Werribee,” Wyndham History, accessed July 14, 2020, http://www.wyndhamhistory.net.au/items/show/1045.
Three elements of the Geodetic Survey Baseline are the South Base, the North Base and the Green Hill Extension.Source
City of Wyndham Heritage Study 1997
Three elements of the Geodetic Survey Baseline are the South Base, the North Base and the Green Hill Extension.Title
Geodetic Survey Baseline,
Surveying - Werribee (Vic.), Surveying - Melbourne (Vic.), Surveyors - Werribee (Vic.), Surveyors - Melbourne (Vic.), South Base stone, Werribee (Vic.), North Base stone, Werribee (Vic.), Green Hill Extension, Eynesbury (Vic.), Geodetic Survey Baseline, Werribee (Vic.), Ellery, Robert Lewis John, Royal Society of Victoria,
Wyndham City LibrariesSource
City of Wyndham Heritage Study 1997Publisher
Context Pty LtdDate
Dr Carlotta KellawayFormat
There are three elements to the Geodatic Survey Baseline: South Base (north side of Princes Highway, Hoppers Crossing; North Base (South of Sayers Road) and Green Hill Extension (off St Marys Road, Eynesbury – Crown Allotment B, Section XXV, Parish of Werribee).
The South Base and North Base markers both consist of a solid bluestone set into the ground, capped by a heavy stone. A plug of gun metal with a platinum centre is set into the stone base. The capping stone at South Base has been broken. North Base was last inspected by the Office of the Surveyor General in 1989, soon after it was gazetted as an ‘area of historic interest’ on 23 August 1988. The marker was covered by piled stones covering the stone cap and marked by four marker posts.
The Green Hill extension geodetic survey point consists of a platinum centre in a gun metal plug. Unlike the other two points it did not retain a bluestone cap when last inspected by the Office of the Surveyor General. Nearby is the Eynesbury Beacon, an Army Trig beacon constructed of tubular steel. Green Hill is also important geologically, as one of the major topographic features of the Werribee plains and for the evidence of the Tertiary sediments underlying the Werribee plains that can be seen within it erupted volcanic materials.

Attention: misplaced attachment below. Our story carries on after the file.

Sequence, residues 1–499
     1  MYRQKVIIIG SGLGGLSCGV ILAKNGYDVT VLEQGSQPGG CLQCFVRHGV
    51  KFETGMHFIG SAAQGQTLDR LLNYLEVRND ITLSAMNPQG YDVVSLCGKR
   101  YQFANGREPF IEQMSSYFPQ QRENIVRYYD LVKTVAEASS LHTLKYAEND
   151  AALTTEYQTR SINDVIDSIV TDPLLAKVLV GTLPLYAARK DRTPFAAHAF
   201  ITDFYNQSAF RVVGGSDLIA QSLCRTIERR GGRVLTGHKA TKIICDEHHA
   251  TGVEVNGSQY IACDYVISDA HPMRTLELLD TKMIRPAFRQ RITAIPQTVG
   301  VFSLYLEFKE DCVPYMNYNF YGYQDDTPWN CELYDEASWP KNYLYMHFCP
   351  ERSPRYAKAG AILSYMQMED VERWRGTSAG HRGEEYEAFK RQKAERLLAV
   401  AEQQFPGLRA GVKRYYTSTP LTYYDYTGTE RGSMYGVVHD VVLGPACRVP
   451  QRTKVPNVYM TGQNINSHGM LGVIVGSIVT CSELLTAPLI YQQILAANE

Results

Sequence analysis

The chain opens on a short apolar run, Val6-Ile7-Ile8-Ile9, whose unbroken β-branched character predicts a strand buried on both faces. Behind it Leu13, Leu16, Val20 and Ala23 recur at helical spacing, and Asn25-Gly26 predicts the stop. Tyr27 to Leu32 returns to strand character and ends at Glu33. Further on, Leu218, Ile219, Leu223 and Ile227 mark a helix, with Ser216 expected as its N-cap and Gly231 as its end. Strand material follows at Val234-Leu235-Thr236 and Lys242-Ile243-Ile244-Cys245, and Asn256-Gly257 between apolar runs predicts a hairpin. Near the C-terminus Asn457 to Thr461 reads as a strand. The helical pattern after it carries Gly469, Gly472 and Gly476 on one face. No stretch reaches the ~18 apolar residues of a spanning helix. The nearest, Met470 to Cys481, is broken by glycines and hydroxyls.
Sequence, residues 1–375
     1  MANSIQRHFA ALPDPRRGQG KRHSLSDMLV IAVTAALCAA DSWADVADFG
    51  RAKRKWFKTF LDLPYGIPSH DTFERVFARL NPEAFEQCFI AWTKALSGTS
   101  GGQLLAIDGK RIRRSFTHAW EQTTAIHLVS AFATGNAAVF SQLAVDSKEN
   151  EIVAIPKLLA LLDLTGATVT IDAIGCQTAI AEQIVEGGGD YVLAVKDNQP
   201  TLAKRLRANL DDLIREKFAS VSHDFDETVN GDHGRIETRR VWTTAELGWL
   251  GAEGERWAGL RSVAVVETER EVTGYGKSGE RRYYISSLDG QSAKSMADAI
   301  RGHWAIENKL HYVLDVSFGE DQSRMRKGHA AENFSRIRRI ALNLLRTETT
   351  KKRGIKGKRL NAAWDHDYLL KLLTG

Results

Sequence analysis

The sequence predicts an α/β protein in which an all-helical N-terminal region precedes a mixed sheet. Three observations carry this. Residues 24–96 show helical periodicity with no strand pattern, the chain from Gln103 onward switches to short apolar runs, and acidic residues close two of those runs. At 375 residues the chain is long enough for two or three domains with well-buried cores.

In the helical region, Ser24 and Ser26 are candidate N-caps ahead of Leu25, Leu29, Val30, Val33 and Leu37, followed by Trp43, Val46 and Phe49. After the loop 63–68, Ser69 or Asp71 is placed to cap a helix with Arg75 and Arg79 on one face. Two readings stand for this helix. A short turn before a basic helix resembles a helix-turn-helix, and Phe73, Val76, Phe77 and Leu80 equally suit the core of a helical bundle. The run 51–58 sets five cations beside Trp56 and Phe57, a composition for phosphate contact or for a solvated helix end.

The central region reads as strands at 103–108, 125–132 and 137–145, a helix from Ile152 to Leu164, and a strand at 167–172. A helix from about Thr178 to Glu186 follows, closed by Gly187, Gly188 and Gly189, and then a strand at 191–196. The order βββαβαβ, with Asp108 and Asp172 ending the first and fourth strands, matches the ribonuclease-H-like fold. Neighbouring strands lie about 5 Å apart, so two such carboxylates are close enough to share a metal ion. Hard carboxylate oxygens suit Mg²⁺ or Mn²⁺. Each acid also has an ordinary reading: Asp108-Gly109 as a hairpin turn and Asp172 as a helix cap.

Development has now obscured direct line of sight between the three markers.
Three permanent markers are associated with the establishment of the Victorian Geodetic Baseline Werribee in 1860 by Robert Ellery, Government Astronomer and Supervisor of the Geodetic Survey of Victoria: South Base, North Base and Green Hill extension.
Located on the east side of the Werribee River, north of the railway, the baseline was five miles in length. It was extended northwards to a total of nine miles to Green Hill by triangulation. The baseline was measured using three ten-foot iron rods made in Victorian against the New South Wales standard originally obtained from the Ordnance Survey Department of South Hampton in England.
The north and south ends of the five mile baseline ‘were permanently marked with sunken masonry piers, having in their upper surfaces a piece of brass carrying a platinum dot indicating the termini of the measure. These marks were then covered with heavy cap stones’. The third mark, at the end of the extension to the north, on Green Hill, ‘consists of a sunken bluestone block with a projecting iron spike’.
The South and North Bases, and the location of the third mark on Green Hill are shown on a 1915 Army Ordnance map of the area. Examining this map it is possible to follow the course of the baseline from the present day location of Hoppers Crossing, across the Tarneit Road to the North Base south of Sayers Road and close to the Werribee River, and then across the Werribee River to Green Hill with Staughton’s Eynesbury Estate.
The South Base is possibly the best known of the three permanent markers because of its location close to the Princes Highway and the various campaigns to ensure its preservation. A photograph of the South Baseline stone appeared in ‘Trust News’, after the National Trust has classified the three historic markers as ‘physical evidence of an important element of the 19th century Geodetic Survey and consequently the earliest maps of Victoria’.
Robert Lewis John Ellery was a physician as well as an astronomer. He was of the founders of the Royal Society of Victoria, and was the foundation President of the Institute of Surveyors.